This article was originally published in The Notebook. In August 2020, The Notebook became Chalkbeat Philadelphia.
School Reform Commission chairman Robert Archie said Friday that he “doesn’t remember” who alerted him about a potential conflict of interest on the advisory council that voted on matching West Philadelphia High School with a turnaround provider – though he thought the complaint serious enough to delay the SRC’s approval and launch an investigation.
On Friday, Archie, District Superintendent Arlene Ackerman, and West principal Saliyah Cruz made their first public comments on the ongoing saga at the beleaguered neighborhood high school.
Ackerman said she knew several weeks ago that one parent on the School Advisory Council (SAC) had a part-time job with the Philadelphia Education Fund (PEF), but not that three others received stipends for their work on a parent outreach team. The four constituted half the parent representation on the 15-member panel, which voted on May 24 to match West with Johns Hopkins/Diplomas Now. PEF has a longtime affiliation with Hopkins and would have been a local subcontractor in the West partnership.
On May 26, rather than voting on a resolution that would have ratified the SAC decision, the SRC pulled the resolution from consideration. A week later, with the investigation into the alleged conflict of interest incomplete, the District decided to defer West’s inclusion in Ackerman’s Renaissance Schools initiative until 2011-12.
"If there’s a perception or appearance of a conflict of interest, wouldn’t you want this District to do something about it?” asked Ackerman.
Archie said the SRC knew nothing about the alleged conflict of interest until the commission’s closed-door deliberations on May 26.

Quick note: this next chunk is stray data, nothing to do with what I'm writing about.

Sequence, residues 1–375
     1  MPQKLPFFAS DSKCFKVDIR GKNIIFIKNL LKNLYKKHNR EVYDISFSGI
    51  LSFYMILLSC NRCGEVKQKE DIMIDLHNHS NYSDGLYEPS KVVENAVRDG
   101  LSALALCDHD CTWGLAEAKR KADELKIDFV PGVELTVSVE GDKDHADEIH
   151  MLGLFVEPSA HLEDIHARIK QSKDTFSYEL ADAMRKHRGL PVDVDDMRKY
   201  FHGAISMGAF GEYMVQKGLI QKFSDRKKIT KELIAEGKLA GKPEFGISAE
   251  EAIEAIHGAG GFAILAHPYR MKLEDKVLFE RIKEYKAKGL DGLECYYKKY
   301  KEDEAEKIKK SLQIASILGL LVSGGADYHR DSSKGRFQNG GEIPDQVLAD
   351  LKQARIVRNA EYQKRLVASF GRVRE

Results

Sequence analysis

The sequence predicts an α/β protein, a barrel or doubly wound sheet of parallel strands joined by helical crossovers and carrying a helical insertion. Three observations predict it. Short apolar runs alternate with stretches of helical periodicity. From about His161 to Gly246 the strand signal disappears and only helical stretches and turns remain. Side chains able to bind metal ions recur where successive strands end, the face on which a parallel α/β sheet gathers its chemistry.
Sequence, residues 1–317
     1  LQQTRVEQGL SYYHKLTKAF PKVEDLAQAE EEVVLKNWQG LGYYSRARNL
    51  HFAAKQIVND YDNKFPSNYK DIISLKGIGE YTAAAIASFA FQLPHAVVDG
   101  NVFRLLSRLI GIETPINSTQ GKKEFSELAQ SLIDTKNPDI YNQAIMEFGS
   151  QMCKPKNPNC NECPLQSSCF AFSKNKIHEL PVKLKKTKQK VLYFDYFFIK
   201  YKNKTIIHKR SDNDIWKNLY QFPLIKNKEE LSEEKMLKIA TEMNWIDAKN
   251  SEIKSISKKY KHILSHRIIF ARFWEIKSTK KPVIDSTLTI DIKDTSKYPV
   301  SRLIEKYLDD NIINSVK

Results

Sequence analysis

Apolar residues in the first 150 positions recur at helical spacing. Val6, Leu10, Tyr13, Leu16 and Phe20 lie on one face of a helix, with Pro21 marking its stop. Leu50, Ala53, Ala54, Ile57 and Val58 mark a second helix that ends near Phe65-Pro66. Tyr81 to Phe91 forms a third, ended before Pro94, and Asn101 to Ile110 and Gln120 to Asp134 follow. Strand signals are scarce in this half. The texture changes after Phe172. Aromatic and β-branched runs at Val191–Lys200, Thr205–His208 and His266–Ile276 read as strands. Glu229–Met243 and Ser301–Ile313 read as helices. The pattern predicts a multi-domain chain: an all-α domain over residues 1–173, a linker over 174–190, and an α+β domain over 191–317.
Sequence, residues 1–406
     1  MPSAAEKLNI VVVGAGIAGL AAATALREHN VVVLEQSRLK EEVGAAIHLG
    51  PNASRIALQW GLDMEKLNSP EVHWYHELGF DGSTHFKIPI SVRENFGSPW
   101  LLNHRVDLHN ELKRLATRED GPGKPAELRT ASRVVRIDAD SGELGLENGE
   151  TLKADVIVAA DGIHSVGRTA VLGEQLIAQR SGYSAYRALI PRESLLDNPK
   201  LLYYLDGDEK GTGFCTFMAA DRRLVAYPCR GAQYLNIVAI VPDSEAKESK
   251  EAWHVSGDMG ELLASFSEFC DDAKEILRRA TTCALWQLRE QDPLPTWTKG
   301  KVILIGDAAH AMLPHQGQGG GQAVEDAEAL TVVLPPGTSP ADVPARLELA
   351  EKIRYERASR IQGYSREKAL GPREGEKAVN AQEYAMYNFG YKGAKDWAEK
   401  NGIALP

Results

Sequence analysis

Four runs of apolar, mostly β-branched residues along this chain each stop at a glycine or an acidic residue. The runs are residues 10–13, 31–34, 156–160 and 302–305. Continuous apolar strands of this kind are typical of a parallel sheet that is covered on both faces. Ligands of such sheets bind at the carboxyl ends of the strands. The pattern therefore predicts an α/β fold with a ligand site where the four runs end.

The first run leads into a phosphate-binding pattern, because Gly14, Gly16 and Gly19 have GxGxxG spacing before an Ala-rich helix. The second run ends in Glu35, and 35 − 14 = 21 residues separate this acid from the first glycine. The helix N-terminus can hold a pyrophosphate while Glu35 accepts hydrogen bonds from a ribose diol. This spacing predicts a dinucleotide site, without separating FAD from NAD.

"I don’t remember the source [of the information]," he said. "It was made known to us during the executive session. One of the SRC commissioners decided there was the appearance of a conflict."
Archie later said he was that commissioner.
Recounting the day’s turn of events, Archie apparently misspoke, initially saying that the SRC voted during the executive session to withdraw the resolution matching West with Hopkins. Ackerman, however, corrected the SRC chair and said that the decision to withdraw the resolution occurred during the SRC’s public meeting immediately following.
A reporter pointed out that the SRC did not take a recorded vote on the matter in its public meeting and asked Archie if he had polled his fellow commissioners. Archie concurred that he privately polled them during the public portion of the meeting, and that a majority of the commissioners said the resolution should be withdrawn. He did not say who they were.
Four of the five commissioners were present that day and the fifth, Ambassador David Girard-diCarlo, participated via speaker phone.